Feb 1 2010
Here’s a recap if you don’t know what is going on. Macmillan’s contract with Amazon was up. Macmillan decided that it wanted one of two things:
1. Old pricing scheme in which it would sell to Amazon at list and Amazon would decide at what price point to resell to consumers but Macmillan would engage in “deep windowing” which means Amazon wouldn’t get the content for 6-7 months or maybe longer.
2. New pricing scheme wherein Macmillan sets the price and Amazon merely serves as the facilitator in the sale between Macmillan and the reader.
Amazon balked and expressed its disappointment by removing the buy it now button for all the Macmillan titles.
Scalzi believes that the fans of an author will abandon Amazon and that Amazon completely lost the optics of the weekend.
They feel somewhat connected to their favorite authors. So when their favorite authors kvetched on their blogs and Facebook pages and Twitter feeds about the screwing Amazon was giving them, what did many of these fans do? They also kvetched on their blogs and Facebook pages and Twitter feeds. So in pissing off a myriad of authors, Amazon also pissed off an exponential number of book readers, many of whom followed their favorite authors' leads in complaining about Amazon, and who themselves were read and followed by an exponential number of others.
If Scalzi and authors could convince their readers to buy en masse from a particular vendor, they have enough power to sell print and e direct.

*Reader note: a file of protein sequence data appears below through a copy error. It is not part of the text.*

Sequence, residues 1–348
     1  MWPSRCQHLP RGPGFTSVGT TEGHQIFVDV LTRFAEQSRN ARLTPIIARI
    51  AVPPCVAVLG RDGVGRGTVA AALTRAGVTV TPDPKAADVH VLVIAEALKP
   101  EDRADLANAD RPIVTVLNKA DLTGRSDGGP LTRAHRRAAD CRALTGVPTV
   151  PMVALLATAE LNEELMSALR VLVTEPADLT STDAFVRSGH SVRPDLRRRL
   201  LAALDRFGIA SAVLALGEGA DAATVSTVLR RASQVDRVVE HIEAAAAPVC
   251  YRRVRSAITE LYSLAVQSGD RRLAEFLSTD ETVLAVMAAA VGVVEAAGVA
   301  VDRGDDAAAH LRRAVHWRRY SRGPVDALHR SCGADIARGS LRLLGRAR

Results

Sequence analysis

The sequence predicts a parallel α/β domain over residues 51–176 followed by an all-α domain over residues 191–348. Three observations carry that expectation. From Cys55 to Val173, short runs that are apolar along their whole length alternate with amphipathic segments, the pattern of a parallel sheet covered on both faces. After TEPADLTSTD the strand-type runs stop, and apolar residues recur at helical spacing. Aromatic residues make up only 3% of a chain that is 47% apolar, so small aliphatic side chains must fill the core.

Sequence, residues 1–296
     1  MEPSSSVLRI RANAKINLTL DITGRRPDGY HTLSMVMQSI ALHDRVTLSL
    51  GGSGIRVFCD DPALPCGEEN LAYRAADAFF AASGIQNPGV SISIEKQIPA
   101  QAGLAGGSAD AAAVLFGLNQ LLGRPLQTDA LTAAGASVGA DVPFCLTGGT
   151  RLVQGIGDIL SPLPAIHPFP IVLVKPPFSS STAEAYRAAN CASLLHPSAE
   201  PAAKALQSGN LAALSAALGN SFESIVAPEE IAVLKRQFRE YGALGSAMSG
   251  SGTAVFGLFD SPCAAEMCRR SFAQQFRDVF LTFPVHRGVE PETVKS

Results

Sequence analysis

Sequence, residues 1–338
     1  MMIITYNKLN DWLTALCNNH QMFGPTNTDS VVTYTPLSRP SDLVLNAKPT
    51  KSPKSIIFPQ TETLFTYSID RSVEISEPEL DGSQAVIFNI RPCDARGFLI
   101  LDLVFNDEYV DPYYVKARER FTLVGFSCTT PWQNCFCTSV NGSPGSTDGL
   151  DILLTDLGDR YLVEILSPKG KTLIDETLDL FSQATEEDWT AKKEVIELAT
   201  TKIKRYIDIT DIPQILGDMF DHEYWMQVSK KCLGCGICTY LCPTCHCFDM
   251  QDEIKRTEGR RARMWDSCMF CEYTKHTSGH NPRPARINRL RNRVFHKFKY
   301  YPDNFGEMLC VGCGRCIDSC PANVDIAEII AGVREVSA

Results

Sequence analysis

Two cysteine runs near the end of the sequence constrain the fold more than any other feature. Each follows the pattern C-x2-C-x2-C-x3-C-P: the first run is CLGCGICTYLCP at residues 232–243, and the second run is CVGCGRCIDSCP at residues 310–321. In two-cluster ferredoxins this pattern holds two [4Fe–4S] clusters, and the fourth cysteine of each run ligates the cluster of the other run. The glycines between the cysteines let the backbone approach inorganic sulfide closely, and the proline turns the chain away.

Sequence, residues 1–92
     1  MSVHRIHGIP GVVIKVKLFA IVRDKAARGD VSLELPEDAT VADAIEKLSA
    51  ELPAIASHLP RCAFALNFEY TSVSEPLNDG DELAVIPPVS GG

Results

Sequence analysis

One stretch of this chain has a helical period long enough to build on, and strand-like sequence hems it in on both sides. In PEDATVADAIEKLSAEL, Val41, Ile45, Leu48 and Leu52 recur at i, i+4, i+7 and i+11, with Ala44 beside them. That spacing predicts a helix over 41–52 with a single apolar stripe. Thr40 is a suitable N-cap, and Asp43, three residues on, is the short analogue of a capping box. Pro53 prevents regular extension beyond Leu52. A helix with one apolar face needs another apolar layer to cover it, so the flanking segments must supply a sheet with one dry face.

Tobias Buckell accuses Amazon of price fixing which is sadly so incorrect given the price fixing requires collusion (in other words, Amazon can’t price fix by itself).
If Amazon were a smaller retailer, this probably wouldn't be a big deal. But Amazon pretty much, right now, has a monopoly on online bookselling. They're huge. As a result, this becomes nearly a form of de facto price fixing.
Indie author, April Hamilton, wonders why Macmillan authors are happy about the outcome:
Macmillan authors are rejoicing, and I'm shaking my head. Would musicians cheer a decision on the part of their labels to raise the price of their music on iTunes by 62%? I think not. Yet despite the fact that their books will cost 62% more than other Kindle bestsellers, and their royalty on those sales won't be even one cent higher, the Macmillan author "victory" dance continues apace on the interwebz.
Mike Shatzkin and Kassia Kroszer point out the authors in this situation are really losing out in the form of reduced royalties.
The proposed Agency Model will have publishers setting a price lower than the established retail they had before but higher than the deep discounts Amazon led retailers to sell at. The publisher intends to pay 30% of that established price to the retailer and 25% of either the full consumer price or of the 70% "net" (still to be determined) to the author. This means that the retailer will get a higher price from the consumer and a better margin than they realize now (even though a lower percentage of the "established" price). The author's cut per copy could actually be reduced!
So what does all this mean? I imagine the next huge debate will be between agents and publishers as the new model is mapped to real money for the people who write books. Other retailers will be demanding similar terms to Amazon (and perhaps breathing a sigh of relief). Consumers will be sniffing at the new pricing model and voting with their dollars (one doesn't have to read between the lines of Amazon's statement to know where the retailer hopes this ends). DRM will remain on the horizon.
Richard Curtis believes that ebook royalties must increase as a result of this:
If, as a result of negative publicity, Amazon relents on its rigid pricing formula, e-book revenues will increase and it will be so much harder – indeed, it will be intensely embarrassing – for publishers to continue parceling out the mingy royalty they now proffer.
This is a debate that has emotions running high. A thread concerning this at Amazon has 807 posts and counting.